Philip Brown by Philip Brown |

From a regulatory perspective, there will be much to ensure that legal and compliance teams are kept even busier than usual. The Department for Work and Pensions (DWP) has already signalled its intention to publish new value for money metrics, which we expect to see early in the New Year.

This may change how Defined Contribution schemes and products are judged, initially by pension professionals but ultimately by consumers. Given that many consumers have limited knowledge of what constitutes good value from a pension provider, we have long said we would welcome these metrics. But the resulting information must be easily accessible to those it will benefit most.

Will this be the year to resolve the issue of small pots?

Every new year brings with it the hope of solving, to everybody’s satisfaction, the continual pensions administration headache of deferred small pots. While nobody can be sure of resolving this issue in 2023, there are likely to be more discussions about how and when deferred small pots should be consolidated.

We have consistently said a solution can only be reached if there is some Government intervention. The problem of millions of small, deferred pots won’t go away on its own and will continue to grow. The industry is working hard to find solutions to this complex issue.

The next 12 months will also tell us just how resilient automatic enrolment is. The anticipated increased financial pressures on millions of people could lead to a significant increase in the number of people who stop paying into their pension. These future findings, whatever they are, will be consequential for the industry.

How cost-of-living pressures may impact pension savings

In terms of conditions for saving, the Office for Budgetary Responsibility forecasts a fall in real household disposable income of 7% over the next two years. This will take household incomes back roughly to their 2013 level. As lower income households spend more of their money on essentials like food – where price increases have been particularly sharp – they will be the worst affected. The Government’s energy price cap on unit prices will only partially offset this.

Our own research shows that just 4% of UK pension savers surveyed would consider stopping their pension contributions in the next 12 months. A further 4% would think about reducing how much they save into their pensions over the next year. This is compared to 35% who said there’s a possibility they would reduce their holiday spending in the next 12 months.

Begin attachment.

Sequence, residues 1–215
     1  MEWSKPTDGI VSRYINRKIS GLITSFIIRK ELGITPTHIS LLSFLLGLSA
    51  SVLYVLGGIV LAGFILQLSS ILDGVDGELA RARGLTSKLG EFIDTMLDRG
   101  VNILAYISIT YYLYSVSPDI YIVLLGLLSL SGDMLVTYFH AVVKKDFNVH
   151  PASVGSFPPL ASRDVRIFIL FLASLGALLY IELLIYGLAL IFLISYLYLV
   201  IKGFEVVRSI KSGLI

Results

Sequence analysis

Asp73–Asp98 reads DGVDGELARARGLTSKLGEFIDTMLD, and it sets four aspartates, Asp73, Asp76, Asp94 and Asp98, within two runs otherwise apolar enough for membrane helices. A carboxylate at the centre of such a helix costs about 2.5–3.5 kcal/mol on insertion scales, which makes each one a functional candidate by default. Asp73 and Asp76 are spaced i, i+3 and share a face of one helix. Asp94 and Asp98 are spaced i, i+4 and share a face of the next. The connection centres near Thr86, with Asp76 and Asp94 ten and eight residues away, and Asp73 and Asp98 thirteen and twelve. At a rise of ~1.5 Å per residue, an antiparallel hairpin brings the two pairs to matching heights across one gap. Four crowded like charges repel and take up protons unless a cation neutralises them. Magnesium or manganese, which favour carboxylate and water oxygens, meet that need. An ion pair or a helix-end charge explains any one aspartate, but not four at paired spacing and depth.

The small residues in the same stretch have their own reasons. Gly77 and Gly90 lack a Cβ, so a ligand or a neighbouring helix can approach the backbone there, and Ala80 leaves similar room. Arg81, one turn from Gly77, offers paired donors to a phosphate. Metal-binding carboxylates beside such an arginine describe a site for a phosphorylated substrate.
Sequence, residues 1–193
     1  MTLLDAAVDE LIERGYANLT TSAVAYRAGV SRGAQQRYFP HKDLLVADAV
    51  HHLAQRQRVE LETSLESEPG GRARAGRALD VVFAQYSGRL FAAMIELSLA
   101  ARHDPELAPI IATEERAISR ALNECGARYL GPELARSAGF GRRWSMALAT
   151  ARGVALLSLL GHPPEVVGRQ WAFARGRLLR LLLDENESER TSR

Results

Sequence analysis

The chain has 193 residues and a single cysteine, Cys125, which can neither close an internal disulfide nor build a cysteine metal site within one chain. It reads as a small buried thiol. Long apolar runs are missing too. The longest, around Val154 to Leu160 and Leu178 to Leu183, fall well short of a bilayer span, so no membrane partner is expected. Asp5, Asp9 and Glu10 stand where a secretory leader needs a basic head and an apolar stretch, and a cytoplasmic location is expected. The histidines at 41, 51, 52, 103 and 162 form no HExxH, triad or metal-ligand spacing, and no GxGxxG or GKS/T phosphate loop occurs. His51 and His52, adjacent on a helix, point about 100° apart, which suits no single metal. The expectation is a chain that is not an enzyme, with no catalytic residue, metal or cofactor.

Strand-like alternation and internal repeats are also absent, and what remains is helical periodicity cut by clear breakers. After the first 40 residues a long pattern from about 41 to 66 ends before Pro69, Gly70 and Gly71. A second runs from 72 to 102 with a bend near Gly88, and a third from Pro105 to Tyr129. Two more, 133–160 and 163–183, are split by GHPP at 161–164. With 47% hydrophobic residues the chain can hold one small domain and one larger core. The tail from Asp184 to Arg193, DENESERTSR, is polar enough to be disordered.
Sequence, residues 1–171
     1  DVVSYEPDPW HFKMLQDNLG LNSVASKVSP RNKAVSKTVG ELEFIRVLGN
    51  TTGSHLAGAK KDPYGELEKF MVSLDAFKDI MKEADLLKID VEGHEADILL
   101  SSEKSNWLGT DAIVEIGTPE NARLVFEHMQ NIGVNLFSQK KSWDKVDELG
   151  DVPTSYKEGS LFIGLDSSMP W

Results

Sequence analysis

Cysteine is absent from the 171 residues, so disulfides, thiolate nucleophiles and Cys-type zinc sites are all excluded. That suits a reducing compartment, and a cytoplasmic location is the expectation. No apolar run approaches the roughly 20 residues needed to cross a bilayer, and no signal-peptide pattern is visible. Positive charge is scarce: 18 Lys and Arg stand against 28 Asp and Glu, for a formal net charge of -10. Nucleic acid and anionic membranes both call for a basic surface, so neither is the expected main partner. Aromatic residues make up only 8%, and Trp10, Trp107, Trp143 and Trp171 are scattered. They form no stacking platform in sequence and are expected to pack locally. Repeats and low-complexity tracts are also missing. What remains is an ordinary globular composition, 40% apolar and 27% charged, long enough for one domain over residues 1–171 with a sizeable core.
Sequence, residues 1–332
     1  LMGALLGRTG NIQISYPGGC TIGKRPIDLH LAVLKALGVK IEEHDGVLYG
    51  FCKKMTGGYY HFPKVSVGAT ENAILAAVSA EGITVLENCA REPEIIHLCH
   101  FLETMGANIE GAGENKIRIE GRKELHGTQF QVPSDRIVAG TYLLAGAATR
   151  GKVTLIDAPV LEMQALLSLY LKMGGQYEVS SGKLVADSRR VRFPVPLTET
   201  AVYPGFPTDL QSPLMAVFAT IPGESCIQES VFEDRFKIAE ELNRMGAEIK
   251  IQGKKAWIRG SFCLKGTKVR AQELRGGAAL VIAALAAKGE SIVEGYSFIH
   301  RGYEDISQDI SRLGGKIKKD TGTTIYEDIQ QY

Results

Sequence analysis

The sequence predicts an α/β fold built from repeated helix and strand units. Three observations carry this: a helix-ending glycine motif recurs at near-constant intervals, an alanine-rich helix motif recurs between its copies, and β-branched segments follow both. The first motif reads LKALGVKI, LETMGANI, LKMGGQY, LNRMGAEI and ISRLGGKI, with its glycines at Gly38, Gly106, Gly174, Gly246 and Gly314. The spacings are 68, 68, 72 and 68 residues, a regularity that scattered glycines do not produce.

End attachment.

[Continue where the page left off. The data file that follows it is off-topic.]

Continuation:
While the cost-of-living crisis has not yet affected the running of auto-enrolment, it has likely seriously affected its future. There is no plan for the implementation of the 2017 review reform package: reducing the age threshold for automatic enrolment from 22 to 18 and removing the lower earnings threshold on contributions.

It’s hard to see how the Government can implement changes to auto-enrolment during an economic crisis of this sort. Government and the wider pensions industry can, though, use this time to prepare the ground for reform once the crisis has passed.

Further consultations on how to help savers access their DC pension pots

The much-anticipated response from the DWP on its consultation about decumulation in DC pensions should be a beneficial one. It has the potential to lay out a clearer pathway for supporting savers towards the best use of their pension pot. This is something of growing issue for automatic enrolment savers, with an increasing number now needing a plan for how to spend their savings.

We expect the conversation about schemes investing in less liquid assets to continue throughout 2023, especially after the Productive Finance Working Group published its guides to the issue in November.

The DWP has also indicated that it will consult on extending Collective Defined Contributions to multi-employer schemes. Taking all this into account, there will be little time for much else in the pensions policy world in 2023.